The history of Kalamata goes a long way back in the depths of the ages
It starts with Homer, who mentions Farres, an ancient city built at the place, where the Frankish castle of the city is today. Kalamata has a minor significance during the ancient period as it lies under a laconic domination from the middle of the 8th century B.C. until the middle of the 4th century B.C.
It gains glory after the fourth crusade (1204 AD), when the city passes into the hands of the Francs. Geoffrey Villehardouin builds the castle and starts the economic prosperity of the city. In 1459 the Turks occupy it and alternate in the domination with the Venetians until 1715 when they occupy it definitively, until 1821, when it was liberated.
The most significant moment of the city’s long history is its liberation from the Turks on March 23, 1821. On that day Kolokotronis, Nikitaras, Petrobeis Mavromichalis, Papaflessas and others entered the city as liberators. They participated in the solemn praise that took place in the Holy Temple of the Holy Apostles (a small Byzantine church of the 10th century that survives until today and is a symbol of the city). The Revolutionary Flag is blessed in the Holy Apostles and the Revolution of 1821 begins. From Kalamata, the Messinian Senate composes two remarkable scripts, the “Warning to the European Courts” and the “Proclamation” addressed to the Americans.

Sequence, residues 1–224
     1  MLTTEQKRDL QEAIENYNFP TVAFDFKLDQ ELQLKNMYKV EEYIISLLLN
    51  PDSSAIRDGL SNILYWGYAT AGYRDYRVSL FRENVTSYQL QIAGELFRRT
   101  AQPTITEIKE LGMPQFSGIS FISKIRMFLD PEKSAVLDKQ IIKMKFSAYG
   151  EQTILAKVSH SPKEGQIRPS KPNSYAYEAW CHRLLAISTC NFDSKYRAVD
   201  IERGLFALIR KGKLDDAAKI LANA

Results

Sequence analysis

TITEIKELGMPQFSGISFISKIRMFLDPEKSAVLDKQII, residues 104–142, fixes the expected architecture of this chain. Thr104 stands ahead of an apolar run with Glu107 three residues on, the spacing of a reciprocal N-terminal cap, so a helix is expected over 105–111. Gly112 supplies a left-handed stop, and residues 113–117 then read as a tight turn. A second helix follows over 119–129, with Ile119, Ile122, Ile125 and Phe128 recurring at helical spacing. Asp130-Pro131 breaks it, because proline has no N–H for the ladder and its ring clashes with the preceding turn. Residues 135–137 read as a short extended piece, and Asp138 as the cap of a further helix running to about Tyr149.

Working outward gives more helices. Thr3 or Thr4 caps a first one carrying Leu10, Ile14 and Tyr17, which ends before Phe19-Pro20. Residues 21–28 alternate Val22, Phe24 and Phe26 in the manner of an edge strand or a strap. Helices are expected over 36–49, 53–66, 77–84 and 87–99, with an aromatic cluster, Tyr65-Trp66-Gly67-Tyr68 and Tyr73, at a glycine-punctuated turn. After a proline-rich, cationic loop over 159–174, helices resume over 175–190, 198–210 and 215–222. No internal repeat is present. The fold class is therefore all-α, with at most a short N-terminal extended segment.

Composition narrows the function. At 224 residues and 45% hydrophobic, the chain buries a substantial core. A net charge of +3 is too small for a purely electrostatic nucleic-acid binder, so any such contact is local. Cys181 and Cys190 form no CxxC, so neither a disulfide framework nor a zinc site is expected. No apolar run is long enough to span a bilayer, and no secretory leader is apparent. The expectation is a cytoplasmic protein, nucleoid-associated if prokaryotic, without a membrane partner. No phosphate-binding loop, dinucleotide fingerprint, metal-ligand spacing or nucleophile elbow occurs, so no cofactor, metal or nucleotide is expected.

At the end of the 19th century, the port of Kalamata was built, which is still in operation, and the city has significant growth. Some call it ‘Marseilles of Moria’. The city comes into contact with the West and its culture, creating a bourgeoisie that forms an important cultural heritage. However, since 1920, a long period of economic recession has begun. In September 1986, Kalamata was hit by two powerful earthquakes that caused not only extensive damages, but also human casualties. Nevertheless, the city was quickly reconstructed and recovered from this great disaster.